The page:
Ticker recently interviewed Heidi Heikenfeld, a Co-Portfolio Manager of Oppenheimer Emerging Markets Innovators Fund (EMI). The portfolio was introduced in 2014 as a complement to EM large-cap mandates and to Oppenheimer Developing Markets Fund, which invests primarily in large-capitalization stocks. EMI focuses on small- and mid-cap stocks, a much larger universe of almost 5,000 companies with market caps in the $500 million to $10 billion range.
In particular, the Fund tends to find the best opportunities in high-growth, high-profit sectors such as Consumer, Health Care and Technology.
In the interview, Heidi talks about:
- What differentiates the Fund. Heidi explains she invests at the intersection of strong earnings growth and positive impact. When possible, she looks for companies that are aligned with the aspirations of a country’s people because they are enhancing education, fostering financial inclusion, delivering healthcare, or improving the environment. In the process, the Fund also offers a concentrated exposure to entrepreneurial culture in the developing markets.
- Her investment philosophy. She looks for innovative companies with durable competitive advantages that lead to strong, long-term growth.
- Her investment process. She identifies opportunities by looking for companies that are benefitting from long-term structural growth themes, such as industrial automation or augmented and virtual reality. Valuation is a priority, as she looks to invest in good companies at attractive prices, whose valuations she believes could more than double over the next three years.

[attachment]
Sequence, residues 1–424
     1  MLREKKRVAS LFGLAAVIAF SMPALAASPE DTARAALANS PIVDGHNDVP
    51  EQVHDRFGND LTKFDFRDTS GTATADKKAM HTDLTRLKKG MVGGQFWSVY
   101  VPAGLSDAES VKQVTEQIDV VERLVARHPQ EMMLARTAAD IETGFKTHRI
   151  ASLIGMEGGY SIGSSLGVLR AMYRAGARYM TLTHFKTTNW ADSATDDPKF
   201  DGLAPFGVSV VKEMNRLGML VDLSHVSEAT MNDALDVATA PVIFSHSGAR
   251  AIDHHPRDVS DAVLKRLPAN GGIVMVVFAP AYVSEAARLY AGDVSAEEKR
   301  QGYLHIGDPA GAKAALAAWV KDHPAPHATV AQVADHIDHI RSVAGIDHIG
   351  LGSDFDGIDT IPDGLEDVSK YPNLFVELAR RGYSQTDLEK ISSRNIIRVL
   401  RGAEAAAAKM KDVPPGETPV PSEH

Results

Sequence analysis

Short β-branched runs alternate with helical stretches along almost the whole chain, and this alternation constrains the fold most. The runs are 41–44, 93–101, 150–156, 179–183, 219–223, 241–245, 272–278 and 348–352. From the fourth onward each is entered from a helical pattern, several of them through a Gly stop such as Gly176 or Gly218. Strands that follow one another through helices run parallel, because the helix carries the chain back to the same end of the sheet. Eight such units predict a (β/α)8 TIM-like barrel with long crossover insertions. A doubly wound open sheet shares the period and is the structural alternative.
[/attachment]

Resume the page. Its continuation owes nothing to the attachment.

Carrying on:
Read the full interview here.
Mutual funds and exchange traded funds are subject to market risk and volatility. Shares may gain or lose value.
Foreign investments may be volatile and involve additional expenses and special risks, including currency fluctuations, foreign taxes, regulatory and geopolitical risks. Emerging and developing market investments may be especially volatile These risks are magnified in frontier markets. Investing significantly in a particular region, industry, sector or issuer may increase volatility and risk. Small- and mid-sized company stock is typically more volatile than that of larger company stock. It may take a substantial period to realize a gain on an investment in a small- or mid-sized company, if any gain is realized at all. Investments in securities of growth companies may be volatile.
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